Six people were killed, including U.S. District Judge John Roll and a nine-year old girl the media likes to point out was born on September 11, 2001. Fourteen others were wounded.

Getting the most publicity, however, was the gunman’s clear target – Rep. Gabrielle Giffords, D-Ariz. – who was holding a constituency event at the time outside a local supermarket. While there will no doubt be wide coverage of the funerals of the dead in forthcoming days it is the targeting of Giffords by the alleged gunman, Jared Lee Loughner, which dominates the news as her prognosis of recovery from a “through-and-through” bullet wound to the brain is described as precarious.

Pima County Sheriff Clarence Dupnik says Loughner has a troubled past with the law and there is reason to believe he may have a mental issue. (There was news in there somewhere.)

As seen in previous examples of high-profile medical issues in the news, there has been no shortage of armchair analysis, reminiscent of other prominent health cases.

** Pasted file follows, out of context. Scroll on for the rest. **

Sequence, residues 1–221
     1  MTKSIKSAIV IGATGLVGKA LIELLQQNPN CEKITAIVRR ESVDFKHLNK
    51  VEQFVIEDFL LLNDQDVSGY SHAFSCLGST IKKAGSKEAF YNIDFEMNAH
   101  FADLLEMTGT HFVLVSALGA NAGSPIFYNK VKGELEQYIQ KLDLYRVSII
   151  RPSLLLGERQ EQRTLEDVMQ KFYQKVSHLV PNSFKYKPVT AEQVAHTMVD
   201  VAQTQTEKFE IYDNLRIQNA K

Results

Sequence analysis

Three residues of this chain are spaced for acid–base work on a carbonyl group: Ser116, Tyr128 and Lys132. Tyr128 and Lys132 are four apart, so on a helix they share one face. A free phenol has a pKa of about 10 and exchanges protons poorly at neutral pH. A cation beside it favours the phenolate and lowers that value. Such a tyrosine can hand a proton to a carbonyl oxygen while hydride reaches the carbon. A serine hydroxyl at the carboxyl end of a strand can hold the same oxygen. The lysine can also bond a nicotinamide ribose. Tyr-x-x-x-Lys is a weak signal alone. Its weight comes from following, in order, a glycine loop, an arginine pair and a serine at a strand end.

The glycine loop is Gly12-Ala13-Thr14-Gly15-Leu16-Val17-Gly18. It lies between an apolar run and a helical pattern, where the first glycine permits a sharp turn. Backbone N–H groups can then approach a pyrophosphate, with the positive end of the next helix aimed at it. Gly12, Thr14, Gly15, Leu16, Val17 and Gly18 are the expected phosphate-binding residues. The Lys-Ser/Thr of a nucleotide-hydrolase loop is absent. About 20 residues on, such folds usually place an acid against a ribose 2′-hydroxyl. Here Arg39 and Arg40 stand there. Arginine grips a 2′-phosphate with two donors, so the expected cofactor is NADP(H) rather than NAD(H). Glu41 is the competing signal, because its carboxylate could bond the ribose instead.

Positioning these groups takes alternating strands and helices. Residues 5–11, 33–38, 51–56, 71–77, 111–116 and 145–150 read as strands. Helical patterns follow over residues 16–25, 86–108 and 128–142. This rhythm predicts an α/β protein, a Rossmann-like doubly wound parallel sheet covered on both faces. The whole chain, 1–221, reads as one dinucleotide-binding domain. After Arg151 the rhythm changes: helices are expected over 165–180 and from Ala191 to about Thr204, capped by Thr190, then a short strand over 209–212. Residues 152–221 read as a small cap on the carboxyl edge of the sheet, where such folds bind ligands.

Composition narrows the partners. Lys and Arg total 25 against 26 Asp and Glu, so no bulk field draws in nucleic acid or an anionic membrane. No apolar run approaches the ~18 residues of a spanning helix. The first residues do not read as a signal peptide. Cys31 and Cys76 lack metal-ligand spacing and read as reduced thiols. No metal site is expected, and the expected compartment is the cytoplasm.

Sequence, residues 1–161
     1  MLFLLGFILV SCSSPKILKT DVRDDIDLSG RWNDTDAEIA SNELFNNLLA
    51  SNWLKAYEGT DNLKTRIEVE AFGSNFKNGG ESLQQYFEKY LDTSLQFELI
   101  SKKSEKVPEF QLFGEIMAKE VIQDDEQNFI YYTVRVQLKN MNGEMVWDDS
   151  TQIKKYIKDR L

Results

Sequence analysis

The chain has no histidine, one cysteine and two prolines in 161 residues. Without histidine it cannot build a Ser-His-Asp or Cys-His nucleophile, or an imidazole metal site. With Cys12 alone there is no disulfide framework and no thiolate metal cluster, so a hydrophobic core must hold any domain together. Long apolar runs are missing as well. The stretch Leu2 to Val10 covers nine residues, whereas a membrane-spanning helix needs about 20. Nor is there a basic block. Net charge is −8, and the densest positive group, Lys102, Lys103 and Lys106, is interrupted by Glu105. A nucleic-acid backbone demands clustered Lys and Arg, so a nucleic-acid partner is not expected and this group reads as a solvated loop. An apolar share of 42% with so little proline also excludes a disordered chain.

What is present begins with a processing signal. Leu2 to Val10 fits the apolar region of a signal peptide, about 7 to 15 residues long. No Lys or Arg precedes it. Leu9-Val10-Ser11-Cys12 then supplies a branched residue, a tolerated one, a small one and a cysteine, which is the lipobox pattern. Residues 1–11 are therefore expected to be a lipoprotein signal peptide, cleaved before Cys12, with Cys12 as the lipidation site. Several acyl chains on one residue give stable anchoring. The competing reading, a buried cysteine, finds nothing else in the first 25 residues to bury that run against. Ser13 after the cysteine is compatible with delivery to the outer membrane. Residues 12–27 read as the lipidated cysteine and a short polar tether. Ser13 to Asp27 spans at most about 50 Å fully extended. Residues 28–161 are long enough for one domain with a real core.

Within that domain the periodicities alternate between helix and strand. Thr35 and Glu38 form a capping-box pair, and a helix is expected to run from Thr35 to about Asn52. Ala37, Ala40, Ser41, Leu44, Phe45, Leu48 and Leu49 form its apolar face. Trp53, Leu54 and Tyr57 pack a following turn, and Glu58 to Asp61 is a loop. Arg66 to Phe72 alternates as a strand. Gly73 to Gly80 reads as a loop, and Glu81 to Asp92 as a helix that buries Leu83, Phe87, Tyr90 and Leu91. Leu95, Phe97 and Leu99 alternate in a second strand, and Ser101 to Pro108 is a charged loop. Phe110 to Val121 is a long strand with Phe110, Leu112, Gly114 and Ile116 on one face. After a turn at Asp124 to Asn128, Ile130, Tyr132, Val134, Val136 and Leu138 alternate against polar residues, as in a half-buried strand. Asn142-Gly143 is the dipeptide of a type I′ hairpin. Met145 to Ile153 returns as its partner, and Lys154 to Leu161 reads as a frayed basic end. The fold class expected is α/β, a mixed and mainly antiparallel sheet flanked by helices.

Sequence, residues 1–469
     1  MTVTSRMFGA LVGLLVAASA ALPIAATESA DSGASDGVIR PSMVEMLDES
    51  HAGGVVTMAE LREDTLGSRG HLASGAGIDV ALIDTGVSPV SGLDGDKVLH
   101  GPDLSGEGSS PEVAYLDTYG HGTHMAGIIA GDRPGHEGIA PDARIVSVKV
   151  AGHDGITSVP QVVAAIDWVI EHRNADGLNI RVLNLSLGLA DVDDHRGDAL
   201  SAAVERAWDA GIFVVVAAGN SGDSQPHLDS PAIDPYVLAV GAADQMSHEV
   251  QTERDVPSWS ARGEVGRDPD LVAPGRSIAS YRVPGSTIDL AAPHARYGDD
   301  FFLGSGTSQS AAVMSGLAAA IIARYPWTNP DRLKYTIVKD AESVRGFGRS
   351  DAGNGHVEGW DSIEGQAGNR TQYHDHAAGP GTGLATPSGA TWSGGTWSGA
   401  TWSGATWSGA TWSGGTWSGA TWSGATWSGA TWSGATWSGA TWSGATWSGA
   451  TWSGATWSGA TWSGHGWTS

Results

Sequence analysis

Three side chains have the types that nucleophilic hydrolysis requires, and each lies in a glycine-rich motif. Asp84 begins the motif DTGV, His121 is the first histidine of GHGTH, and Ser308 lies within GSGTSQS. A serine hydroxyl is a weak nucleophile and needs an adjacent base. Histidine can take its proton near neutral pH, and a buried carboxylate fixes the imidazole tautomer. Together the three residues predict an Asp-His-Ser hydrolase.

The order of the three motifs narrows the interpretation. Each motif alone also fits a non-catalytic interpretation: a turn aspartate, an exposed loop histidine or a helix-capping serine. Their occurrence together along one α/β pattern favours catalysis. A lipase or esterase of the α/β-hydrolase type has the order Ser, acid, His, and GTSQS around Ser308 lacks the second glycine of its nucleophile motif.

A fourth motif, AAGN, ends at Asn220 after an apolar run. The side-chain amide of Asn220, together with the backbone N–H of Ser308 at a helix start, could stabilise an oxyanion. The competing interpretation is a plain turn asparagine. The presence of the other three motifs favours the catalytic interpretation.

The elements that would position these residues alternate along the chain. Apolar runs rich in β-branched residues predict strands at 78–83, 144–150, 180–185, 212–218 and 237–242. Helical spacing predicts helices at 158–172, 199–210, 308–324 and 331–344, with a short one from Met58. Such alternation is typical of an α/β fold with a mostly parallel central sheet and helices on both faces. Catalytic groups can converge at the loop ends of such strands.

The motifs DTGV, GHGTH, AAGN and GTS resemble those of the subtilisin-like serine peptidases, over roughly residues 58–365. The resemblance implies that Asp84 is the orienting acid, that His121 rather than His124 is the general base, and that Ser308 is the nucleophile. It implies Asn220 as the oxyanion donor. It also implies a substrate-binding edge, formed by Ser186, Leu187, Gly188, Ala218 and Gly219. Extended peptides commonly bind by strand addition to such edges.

“Physician, heal thyself.”

Variously described as “mentally disturbed” and “a madman”, Loughner has had the presence of mind to invoke his Fifth Amendment rights (silence). His internet presence is being examined with the cyber equivalent of a fine-tooth comb. It is the questions about his mental health which allow many Americans to rationalize their citizen army mindset. The sanity of the most liberal gun laws in the world, for which Giffords herself has strongly advocated, is not up for much discussion.

Loughner dropped out of high school in 2006, after his junior year. In 2008, he tried to enlist in the U.S. Army but was rejected.

Media shorthand: he was a nut-job who became a loner. The mentally ill are dangerous. Guns are fine. Don’t blame the over-the-top rhetoric of Sarah Palin or other whingers.

As I tweeted after turning off CNN at noon, “Final seg of Reliable Sources with Howard Kurtz, Rachel Sklar & Steve Malzberg: is there any sand left in that sand-box???”

Here’s some great further reading from

Gail Collins

Jeffrey Goldberg in The Atlantic

Jill
at Feministe

Slate’s Vaughan Bell
with “Crazy Talk”.

Sarah Palin incites stupidity, why not worse?


“If a Muslim put a map on web w/crosshairs on 20 pols, then 1 of them got shot, where would he b sitting right now? Just asking.” (tweet from Michael Moore)